- Associated Press - Thursday, December 17, 2015

DES MOINES, Iowa (AP) - Federal officials imposed a two-month delay Thursday on a Medicaid privatization program Iowa planned to enact next month, explaining the state needed more time to fix several problems and boost the number of hospitals, clinics and doctors signing up.

In a letter to Iowa Medicaid Director Mikki Stier, the federal Centers for Medicare and Medicaid Services ordered a halt until March 1 on plans to hand over management of the $4.2 billion health care program for 560,000 poor and disabled residents to private insurance companies.

Iowa Gov. Terry Branstad had planned to make the switch beginning Jan. 1 and resisted requests from doctors, hospitals and others to delay the change.

The CMS said in the letter that approval is expected for the state to move forward but “we do not believe that Iowa is ready to make this transition on January 1.”

The letter signed by CMS Director Vikki Wachino said Iowa has not met some key readiness requirements, including signing up enough hospitals, clinics and doctors.

“Adequate provider networks are a fundamental component of accessible, quality care for beneficiaries,” she wrote.

The Iowa Department of Human Services, which oversees the Medicaid program said the four private insurance companies that will manage care have signed more than 62,000 contracts with medical providers, just over half of the 120,000 contracts that could be signed.

CMS determined after holding listening sessions with Iowans that there are still significant problems with communications about the transition. Some providers haven’t heard from the managed care companies while others say they are reluctant to contract with the companies over concerns about rates and administrative uncertainties.

CMS said it learned that nearly half the calls to the state’s Medicaid call center were dropped with 10,000 calls dropped in the first nine days of December.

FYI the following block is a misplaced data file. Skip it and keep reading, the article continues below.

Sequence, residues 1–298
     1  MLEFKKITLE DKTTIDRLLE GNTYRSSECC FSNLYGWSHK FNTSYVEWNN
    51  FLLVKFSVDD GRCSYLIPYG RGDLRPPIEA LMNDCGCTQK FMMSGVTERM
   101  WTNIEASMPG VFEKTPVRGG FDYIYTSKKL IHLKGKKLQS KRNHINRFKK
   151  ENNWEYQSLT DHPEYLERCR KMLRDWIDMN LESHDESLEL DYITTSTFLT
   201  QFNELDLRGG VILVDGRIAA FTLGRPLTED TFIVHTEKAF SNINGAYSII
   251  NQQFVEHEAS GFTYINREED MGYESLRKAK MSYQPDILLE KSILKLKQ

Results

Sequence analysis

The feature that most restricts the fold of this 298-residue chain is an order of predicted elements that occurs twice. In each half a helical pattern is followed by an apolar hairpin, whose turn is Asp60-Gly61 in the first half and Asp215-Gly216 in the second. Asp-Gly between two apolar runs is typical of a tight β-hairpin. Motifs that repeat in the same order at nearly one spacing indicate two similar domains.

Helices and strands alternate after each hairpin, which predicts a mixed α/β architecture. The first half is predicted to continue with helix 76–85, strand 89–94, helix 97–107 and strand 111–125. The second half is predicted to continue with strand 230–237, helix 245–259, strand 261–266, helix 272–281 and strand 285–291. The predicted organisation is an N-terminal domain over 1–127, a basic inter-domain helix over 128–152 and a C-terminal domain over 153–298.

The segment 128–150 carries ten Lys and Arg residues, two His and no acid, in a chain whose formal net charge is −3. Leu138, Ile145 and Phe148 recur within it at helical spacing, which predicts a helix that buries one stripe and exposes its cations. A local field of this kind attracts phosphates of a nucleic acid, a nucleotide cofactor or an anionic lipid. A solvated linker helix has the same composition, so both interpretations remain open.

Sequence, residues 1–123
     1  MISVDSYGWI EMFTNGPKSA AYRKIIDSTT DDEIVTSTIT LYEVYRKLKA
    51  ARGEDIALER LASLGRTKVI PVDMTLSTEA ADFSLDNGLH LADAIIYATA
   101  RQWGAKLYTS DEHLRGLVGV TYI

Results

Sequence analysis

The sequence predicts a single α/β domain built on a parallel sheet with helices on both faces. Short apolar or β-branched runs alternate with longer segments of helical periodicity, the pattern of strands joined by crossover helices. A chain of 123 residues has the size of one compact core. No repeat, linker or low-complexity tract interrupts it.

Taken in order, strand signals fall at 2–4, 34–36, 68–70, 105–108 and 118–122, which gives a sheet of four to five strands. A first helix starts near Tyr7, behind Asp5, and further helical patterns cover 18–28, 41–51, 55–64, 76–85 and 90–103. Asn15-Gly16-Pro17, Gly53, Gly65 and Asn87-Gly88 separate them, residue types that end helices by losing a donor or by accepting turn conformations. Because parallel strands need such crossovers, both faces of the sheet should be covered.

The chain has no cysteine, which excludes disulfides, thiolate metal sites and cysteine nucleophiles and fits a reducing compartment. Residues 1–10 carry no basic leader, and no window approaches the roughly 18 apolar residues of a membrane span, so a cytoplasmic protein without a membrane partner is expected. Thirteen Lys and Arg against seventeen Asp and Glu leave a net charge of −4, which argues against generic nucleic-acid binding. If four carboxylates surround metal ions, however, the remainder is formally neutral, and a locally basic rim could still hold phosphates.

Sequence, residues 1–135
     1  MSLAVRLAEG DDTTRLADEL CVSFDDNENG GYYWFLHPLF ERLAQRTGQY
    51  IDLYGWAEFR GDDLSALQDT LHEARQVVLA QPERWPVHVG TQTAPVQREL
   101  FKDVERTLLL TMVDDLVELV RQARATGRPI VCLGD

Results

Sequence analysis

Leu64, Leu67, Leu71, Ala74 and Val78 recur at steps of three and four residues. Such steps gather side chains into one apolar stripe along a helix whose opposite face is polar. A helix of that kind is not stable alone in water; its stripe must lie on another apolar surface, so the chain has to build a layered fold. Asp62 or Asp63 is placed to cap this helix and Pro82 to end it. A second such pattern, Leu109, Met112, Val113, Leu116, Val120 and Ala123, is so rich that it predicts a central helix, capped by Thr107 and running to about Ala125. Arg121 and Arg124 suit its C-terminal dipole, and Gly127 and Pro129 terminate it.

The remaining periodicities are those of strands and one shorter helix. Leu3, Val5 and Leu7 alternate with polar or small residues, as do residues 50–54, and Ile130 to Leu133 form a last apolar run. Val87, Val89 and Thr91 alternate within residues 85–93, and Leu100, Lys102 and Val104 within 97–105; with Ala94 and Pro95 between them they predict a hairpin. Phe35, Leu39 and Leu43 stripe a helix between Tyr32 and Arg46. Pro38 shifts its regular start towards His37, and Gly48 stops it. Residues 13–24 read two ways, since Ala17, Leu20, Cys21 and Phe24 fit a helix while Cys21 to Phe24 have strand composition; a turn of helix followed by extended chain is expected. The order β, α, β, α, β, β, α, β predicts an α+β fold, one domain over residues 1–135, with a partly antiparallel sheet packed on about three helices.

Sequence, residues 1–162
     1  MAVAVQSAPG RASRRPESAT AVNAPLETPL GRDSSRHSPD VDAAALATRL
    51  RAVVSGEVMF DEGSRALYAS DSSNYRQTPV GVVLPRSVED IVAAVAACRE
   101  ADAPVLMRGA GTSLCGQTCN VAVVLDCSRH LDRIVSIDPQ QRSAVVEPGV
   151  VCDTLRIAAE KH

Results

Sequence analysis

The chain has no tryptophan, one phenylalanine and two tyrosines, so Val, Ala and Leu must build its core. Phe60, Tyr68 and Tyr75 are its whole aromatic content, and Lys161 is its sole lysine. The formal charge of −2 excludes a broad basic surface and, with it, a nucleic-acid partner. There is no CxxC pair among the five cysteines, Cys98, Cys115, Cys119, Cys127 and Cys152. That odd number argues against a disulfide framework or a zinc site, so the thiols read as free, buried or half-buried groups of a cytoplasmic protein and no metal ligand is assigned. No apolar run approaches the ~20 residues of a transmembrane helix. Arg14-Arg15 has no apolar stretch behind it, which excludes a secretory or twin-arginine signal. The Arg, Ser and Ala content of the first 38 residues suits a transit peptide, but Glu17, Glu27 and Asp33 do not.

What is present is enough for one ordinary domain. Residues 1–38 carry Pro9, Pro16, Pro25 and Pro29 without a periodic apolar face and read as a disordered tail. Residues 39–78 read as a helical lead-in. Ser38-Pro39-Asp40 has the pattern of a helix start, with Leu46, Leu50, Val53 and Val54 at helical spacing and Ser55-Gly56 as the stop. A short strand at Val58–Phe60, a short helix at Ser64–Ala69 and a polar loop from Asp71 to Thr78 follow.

Branstad surprised the medical community and lawmakers last January with the plan he says will save $47 million in the first six months. The plan was met with outspoken opposition at several public hearings and legislative meetings over the past several months.

In August the state awarded contracts to Amerigroup Iowa, AmeriHealth Caritas Iowa, UnitedHealthcare Plan of the River Valley and WellCare of Iowa to manage the program once CMS approves the plan.

Two Democratic senators opposing privatization said they’ll continue to fight the plan.

Sens. Amanda Ragan and Liz Mathis called on the Legislature to pass a Medicaid bill giving the lawmakers some oversight of the Medicaid program in January. A bill passed in the Democrat-controlled Senate last spring died in the House, which has a Republican majority.

“Hundreds of thousands of Iowans and their health care providers are still struggling to make sense of Governor Branstad’s chaotic approach to privatizing health care services for one out of six Iowans,” they said in a joint statement. “Governor Branstad’s Medicaid plan will be remembered as one of the worst decisions of his 21 years as governor.”

Branstad said in a statement the CMS decision indicates privatization will be approved.

“From the very beginning, our focus has been on improving patients’ health outcomes,” he said.

Two legal challenges continue including one from the Iowa Hospital Association, a trade group for the state’s hospitals. It sued the state claiming the privatization plan is illegal because it takes millions of dollars from a dedicated hospital trust fund and gives it to the four managed care companies. The case is pending in state court.

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